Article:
Spain has become the first Western European country to record more than a million coronavirus infections since the onset of the pandemic, Health Ministry data showed Wednesday, after 16,973 cases were added to the tally since the previous day.
The cumulative total now stands at 1,005,295 cases, while the death toll rose by 156 to 34,366.
The Spanish government mulls fresh restrictions on public life to curb the spread of the disease.
The country's first case was diagnosed on Jan. 31 on the remote island of La Gomera in the Canary Islands.
Recently, Spain declared a state of emergency in Madrid on Friday, wresting control of efforts to fight the spread of COVID-19 from local authorities in a region that is experiencing one of Europe's most significant coronavirus outbreaks.
The step, which took immediate effect and lasts for two weeks, forced Madrid authorities to restore restrictions on travel that had been introduced by the national government but were struck down the previous day by a Madrid court ruling.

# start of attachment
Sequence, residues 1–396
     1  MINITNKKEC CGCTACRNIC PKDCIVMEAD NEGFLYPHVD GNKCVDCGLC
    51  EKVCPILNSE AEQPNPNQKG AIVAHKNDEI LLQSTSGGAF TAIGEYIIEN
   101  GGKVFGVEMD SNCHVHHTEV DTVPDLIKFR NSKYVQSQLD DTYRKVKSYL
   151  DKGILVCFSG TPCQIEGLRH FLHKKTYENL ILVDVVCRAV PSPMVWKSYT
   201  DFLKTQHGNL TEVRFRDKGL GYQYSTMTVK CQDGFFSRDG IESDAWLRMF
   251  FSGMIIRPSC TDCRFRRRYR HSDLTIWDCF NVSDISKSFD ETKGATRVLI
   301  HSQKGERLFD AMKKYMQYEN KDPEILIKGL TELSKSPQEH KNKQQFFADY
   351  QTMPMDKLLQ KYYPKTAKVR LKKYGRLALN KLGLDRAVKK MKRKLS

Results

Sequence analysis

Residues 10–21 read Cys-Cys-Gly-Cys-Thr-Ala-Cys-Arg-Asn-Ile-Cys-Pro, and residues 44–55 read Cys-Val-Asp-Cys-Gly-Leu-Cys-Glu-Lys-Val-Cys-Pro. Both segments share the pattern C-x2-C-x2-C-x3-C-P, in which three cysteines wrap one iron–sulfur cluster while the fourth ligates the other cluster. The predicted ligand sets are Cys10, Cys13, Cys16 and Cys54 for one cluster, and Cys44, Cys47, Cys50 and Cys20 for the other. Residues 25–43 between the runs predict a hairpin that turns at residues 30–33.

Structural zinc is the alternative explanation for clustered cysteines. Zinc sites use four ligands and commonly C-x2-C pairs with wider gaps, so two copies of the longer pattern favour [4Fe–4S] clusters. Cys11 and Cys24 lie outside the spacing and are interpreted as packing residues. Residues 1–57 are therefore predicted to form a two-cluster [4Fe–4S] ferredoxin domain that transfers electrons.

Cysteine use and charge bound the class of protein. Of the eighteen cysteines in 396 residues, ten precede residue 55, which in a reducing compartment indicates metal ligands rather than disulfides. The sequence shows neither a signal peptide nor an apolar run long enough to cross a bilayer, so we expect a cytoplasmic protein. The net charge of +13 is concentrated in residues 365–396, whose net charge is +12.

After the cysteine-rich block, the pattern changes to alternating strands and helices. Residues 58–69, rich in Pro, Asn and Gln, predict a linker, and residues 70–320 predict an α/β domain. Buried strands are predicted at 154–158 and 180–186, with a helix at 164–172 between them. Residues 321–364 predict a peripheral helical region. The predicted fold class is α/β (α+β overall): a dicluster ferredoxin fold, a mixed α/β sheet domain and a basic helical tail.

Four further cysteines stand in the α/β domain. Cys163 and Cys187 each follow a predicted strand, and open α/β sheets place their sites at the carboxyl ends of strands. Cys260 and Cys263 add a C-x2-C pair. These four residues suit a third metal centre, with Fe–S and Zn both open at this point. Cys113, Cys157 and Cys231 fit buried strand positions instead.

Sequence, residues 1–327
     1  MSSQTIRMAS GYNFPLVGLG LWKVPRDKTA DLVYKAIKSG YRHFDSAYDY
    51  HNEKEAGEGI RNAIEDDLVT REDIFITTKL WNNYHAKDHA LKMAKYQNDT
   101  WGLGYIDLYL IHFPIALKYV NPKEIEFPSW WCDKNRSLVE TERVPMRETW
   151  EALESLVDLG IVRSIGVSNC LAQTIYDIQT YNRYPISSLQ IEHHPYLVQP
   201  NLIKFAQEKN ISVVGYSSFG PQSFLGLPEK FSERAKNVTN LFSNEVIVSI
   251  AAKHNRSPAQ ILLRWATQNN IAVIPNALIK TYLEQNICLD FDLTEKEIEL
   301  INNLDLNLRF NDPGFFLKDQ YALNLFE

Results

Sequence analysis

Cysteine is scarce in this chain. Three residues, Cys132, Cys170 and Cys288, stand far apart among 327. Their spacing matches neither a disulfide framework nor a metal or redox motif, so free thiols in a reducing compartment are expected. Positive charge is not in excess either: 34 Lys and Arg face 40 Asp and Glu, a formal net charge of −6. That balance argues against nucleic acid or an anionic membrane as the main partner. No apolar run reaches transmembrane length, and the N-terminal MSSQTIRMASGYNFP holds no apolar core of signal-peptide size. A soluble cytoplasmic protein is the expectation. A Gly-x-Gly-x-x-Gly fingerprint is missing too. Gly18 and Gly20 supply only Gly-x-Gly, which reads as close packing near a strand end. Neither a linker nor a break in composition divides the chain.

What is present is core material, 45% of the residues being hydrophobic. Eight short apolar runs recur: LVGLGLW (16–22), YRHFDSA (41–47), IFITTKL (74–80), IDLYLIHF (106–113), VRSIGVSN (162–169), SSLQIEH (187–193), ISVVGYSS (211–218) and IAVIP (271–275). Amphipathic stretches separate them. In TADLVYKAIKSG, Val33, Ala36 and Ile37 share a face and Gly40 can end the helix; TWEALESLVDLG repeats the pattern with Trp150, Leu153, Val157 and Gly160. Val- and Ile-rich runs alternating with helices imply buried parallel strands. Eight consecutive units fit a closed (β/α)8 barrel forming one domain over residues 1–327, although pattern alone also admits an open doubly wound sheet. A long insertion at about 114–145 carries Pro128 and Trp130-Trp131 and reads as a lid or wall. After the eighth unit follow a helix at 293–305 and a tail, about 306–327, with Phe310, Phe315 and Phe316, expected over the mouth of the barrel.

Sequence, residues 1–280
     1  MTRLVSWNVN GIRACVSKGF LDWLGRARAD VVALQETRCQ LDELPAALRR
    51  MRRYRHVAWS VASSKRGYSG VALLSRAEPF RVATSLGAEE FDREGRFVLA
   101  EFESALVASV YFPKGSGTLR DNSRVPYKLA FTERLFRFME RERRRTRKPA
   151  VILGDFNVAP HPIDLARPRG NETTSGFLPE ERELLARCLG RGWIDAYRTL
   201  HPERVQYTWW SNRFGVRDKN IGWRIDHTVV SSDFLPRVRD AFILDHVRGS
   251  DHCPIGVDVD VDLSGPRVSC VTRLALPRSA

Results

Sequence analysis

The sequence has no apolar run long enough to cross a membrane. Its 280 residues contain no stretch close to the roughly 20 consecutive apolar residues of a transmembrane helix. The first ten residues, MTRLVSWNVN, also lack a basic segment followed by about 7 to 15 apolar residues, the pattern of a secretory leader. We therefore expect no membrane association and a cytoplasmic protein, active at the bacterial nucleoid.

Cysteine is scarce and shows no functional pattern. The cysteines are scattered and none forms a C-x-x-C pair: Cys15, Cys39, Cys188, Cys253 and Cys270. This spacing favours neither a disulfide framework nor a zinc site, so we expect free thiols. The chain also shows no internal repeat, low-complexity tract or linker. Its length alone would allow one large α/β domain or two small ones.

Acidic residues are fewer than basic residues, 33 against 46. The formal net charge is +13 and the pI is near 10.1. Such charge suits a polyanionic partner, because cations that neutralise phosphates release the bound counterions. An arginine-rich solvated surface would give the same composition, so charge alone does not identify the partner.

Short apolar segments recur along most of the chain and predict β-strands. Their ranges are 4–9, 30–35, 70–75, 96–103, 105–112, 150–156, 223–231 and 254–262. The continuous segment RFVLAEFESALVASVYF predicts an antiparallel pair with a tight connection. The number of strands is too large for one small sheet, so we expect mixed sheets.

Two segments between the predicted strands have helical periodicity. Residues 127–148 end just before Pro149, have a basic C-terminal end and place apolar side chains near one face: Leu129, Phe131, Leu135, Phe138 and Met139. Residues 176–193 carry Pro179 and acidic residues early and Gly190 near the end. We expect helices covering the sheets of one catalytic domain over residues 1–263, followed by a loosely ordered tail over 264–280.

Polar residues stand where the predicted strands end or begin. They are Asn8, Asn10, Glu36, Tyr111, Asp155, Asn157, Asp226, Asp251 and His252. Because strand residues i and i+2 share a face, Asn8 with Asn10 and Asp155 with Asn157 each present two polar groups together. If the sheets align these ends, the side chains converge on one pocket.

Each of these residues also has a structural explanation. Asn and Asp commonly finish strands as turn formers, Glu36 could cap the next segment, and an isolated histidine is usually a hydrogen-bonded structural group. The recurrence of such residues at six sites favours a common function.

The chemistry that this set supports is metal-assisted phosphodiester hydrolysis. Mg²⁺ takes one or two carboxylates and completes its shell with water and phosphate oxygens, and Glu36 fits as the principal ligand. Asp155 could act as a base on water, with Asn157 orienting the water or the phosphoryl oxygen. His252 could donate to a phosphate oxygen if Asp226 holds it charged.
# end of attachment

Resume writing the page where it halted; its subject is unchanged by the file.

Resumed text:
The Madrid region's 14-day infection rate of 563 coronavirus cases per 100,000 residents is more than twice Spain's national average of 256 and five times the European average rate of 113 for the week ending Sept. 27.
The central government's measures prohibit all nonessential trips in and out of the capital and nine of its suburbs, affecting some 4.8 million people.
Restaurants must close at 11 p.m. and stores at 10 p.m. Both must limit occupancy to 50% of their capacity.
The national government had ordered police in Madrid to fine people if they left their municipalities without justification. More than 7,000 police officers will now be deployed to ensure the restrictions are observed, Interior Minister Fernando Grande-Marlaska said.
But Madrid's conservative regional government opposed those restrictions, saying they were draconian and hurt the economy.